Skip to content Skip to left sidebar Skip to right sidebar Skip to footer

Crank Up Antique Engine Show draws crowd

Engines could be heard throughout Sciota all weekend long.
The 44th Crank Up Antique Engine Show went from Thursday, June 4, through Saturday, June 6, with a solid turnout each day on Geoff Hutchings’ farm right on the border between Unicoi County and Carter County, according to East Tennessee Antique Engines Association president Dave Keplinger.
“We had a good show and a lot of fun,” he said on Saturday. “This is the ideal weather. It is always enjoyable to be here and have fellowship with friends.”
Individuals from all across the Southeast, including South Carolina, North Carolina, Kentucky, Alabama and Florida, stopped to take in the sights and sounds of the engines brought to the property, Keplinger said.
Throughout the three-day event, individuals were able to take in different types of engines including internal combustions, tractors and other items. The pieces on hand at the festival were primarily for farm work years ago, Keplinger explained.
Charlie Oaks, of North Carolina, brought his Emerson-Brantingham 1.5 horsepower engine, which was recently restored. Will Bledsoe was in attendance at the event and mentioned he enjoys the trips after coming to the Crank Up over ‘several years’.
The generational gap was also bridged during the event, according to Keplinger.
“We teach kids about how things were used back on the farm,” Keplinger said. “How things were in the day back before things were run with electricity. You and I didn’t have to go through that, but they grounded corn, sawed wood for the house, baled hay … about anything you can think of, they could do it. Some were able to even produce electricity later on.”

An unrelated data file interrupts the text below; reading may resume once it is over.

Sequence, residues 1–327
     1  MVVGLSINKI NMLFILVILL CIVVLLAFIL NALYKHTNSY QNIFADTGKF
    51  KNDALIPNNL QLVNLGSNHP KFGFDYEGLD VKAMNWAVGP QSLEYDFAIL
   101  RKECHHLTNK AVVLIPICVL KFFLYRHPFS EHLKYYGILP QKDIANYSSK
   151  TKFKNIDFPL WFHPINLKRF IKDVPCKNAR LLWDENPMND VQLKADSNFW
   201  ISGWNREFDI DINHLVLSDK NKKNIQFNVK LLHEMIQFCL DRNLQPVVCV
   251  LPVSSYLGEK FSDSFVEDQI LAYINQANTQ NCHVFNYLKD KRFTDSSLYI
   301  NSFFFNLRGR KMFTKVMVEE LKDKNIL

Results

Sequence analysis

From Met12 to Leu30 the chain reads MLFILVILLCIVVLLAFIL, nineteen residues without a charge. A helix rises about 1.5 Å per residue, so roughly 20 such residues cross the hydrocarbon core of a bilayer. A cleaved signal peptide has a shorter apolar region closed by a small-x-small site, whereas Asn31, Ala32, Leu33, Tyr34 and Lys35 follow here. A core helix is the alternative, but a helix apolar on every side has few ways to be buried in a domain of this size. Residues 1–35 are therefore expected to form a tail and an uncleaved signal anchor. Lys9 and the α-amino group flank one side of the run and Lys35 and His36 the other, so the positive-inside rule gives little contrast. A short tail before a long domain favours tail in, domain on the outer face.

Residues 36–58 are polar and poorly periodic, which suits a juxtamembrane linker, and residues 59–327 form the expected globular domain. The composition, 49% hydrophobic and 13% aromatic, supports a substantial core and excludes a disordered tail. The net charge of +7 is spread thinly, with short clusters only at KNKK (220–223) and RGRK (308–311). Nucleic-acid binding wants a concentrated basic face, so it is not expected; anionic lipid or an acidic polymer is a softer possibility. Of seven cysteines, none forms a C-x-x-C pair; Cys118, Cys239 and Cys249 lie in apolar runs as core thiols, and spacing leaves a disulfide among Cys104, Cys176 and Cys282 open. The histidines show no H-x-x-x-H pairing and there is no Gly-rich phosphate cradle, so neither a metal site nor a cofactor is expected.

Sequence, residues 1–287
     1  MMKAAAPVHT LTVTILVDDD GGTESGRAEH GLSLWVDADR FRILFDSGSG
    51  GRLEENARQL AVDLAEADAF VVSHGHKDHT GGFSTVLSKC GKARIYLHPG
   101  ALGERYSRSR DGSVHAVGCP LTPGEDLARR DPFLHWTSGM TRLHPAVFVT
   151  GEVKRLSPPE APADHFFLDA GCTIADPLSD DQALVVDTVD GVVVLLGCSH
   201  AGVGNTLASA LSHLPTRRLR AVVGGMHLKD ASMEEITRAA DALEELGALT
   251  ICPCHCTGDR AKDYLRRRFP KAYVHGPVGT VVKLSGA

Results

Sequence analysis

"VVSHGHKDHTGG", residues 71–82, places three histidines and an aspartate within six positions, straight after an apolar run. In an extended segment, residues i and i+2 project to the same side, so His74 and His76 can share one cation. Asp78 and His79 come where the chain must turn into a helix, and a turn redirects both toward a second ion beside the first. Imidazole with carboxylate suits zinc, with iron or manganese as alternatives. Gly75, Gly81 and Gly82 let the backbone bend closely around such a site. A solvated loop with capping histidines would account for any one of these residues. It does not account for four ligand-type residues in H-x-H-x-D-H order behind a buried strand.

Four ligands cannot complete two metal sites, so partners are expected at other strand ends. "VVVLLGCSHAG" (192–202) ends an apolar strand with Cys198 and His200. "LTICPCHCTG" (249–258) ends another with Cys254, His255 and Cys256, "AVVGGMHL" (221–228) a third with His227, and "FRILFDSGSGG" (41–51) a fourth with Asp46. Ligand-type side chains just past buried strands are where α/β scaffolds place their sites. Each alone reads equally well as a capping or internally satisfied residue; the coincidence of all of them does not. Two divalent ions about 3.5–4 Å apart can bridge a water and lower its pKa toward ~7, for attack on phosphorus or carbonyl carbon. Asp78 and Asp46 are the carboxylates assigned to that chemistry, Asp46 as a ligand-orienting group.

Along with the festivities, First Baptist Church of Bristol, Va., assisted at the Crank Up.
“We had a youth group come in from Bristol,” Keplinger said. “They came in and helped with food and made the homemade ice cream. That was the finest group of kids I’ve ever been around. They were a great group of kids that were nice and well-mannered.”
With current engine owners getting older, the importance of the Crank Up is about letting the younger generation know about the history, Keplinger said.
“That’s one thing about the engine folks,” he added. “They’re just a good bunch of people. Younger people haven’t really taken up with it because they haven’t been around it long enough. But with all the festivals going on during this time of the year, we’re happy to see what came out of this year’s event.”
To be part of the East Tennessee Antique Engines Association, contact Hutchings, Keplinger said.
“We always meet the third or fourth of each month,” he added. “It is a family thing. The wives come out with us, meet, eat and have a fun time.”